Monday, 22 June 2009
Special screening:Remembering the Maestro.
Remembering the Maestro.
Sarod maestro Ustad Ali Akhbar Khan passed away on Friday 19th 2009.
NID Film Club would like to pay a tribute the master, every one is requested to be at the AUDI, today, at 6:15 pm.
As per the programme we’ll like to start with listening to a rear recording of Ustad Ali Akhbar Khan and Pandit Ravi Shankar rendering DHUN PALAAS KAFI
Followed by a movie Ustad composed music for : Devi, directed by Satyajit Ray.
Something about the Maestro.
Ustad Ali Akhbar Khan was born on April 14, 1922 in Shibpur village of comilla district , now in Bangladesh, Khan took up music at the age of 3, learning vocal music from his father Ustad Alauddin Khan and percussion from his uncle, Fakir Aftabuddin.
Khan gave his first performance in Allahabad at the age of 13 and made his first gramophone recording in Lacknow when he was in his 20s. He became the court musician of the Maharaja of Jodhpur and continued for seven years until his patrons passed away. The state of Jodhpur bestowed upon him the title of ‘Ustad’.
At the request of Menuhin, Khan visited U.S. in 1955 and performed at the Museum of Modern Art in New York.He was the first to cut a long play record of Indian classical music in US. and to give a sarod recital on American TV.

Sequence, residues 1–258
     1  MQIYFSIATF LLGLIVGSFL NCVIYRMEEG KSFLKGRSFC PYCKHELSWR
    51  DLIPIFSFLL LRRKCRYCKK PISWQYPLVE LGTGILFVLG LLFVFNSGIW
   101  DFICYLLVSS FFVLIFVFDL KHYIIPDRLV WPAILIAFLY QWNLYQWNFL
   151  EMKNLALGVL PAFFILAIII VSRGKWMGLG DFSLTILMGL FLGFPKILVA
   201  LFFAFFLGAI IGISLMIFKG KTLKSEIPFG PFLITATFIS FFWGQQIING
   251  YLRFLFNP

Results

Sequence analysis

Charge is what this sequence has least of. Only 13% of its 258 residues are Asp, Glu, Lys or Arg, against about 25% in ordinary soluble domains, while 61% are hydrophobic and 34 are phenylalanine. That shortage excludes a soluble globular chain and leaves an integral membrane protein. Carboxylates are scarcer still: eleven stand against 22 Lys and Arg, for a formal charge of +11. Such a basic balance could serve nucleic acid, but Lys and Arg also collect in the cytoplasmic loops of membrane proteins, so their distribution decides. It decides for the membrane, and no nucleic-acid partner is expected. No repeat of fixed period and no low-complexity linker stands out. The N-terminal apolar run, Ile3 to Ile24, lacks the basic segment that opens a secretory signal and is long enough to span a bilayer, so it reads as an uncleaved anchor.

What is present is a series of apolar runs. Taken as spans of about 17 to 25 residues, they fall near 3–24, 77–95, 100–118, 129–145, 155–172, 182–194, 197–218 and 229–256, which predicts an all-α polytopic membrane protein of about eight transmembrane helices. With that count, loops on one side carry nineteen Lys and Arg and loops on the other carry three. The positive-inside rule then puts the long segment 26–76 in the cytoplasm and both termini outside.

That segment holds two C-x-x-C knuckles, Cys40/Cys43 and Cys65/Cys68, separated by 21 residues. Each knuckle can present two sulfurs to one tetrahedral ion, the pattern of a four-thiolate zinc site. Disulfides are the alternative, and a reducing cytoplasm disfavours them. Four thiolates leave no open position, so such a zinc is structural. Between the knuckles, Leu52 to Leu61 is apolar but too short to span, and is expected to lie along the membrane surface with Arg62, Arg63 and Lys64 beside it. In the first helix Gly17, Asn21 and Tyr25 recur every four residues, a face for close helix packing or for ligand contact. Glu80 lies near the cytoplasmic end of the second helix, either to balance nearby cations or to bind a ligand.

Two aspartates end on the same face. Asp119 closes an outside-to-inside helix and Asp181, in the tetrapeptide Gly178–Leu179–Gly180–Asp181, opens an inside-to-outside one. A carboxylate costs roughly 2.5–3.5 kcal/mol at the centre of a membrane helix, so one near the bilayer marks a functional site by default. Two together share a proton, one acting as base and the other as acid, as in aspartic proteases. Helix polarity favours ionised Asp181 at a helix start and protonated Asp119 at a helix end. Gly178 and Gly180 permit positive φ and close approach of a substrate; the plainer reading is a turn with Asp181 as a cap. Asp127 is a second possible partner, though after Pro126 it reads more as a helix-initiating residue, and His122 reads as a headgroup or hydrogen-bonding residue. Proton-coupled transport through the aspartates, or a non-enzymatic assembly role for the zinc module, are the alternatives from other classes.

A recipient of Padma Bhushan and Padma Vibhushan, he was a colossus in the world of the Indian classical music for the last five decades. He was admired by both eastern as well as western musicians for his brilliant composition and his mastery of the 25-string instrument .
He founded the Ali Akhbar College of Music in Kolkata in 1956. In 1956 he began teaching in the U.S. and opened a branch of his college there and in Switzerland. In 1997, the maestro performed at the United Nations to celebrate the 50th year of India’s Independence.
The Ustad also composed music for films. He scored music for Chetan Anand’s Aandhian(1953), Ivory-Merchant production House Holder, Tapan Sinha’s Khudita Pashan, Stayajit Ray’s Devi and U.S. director Bernardo Bertolucci’s Little Buddha.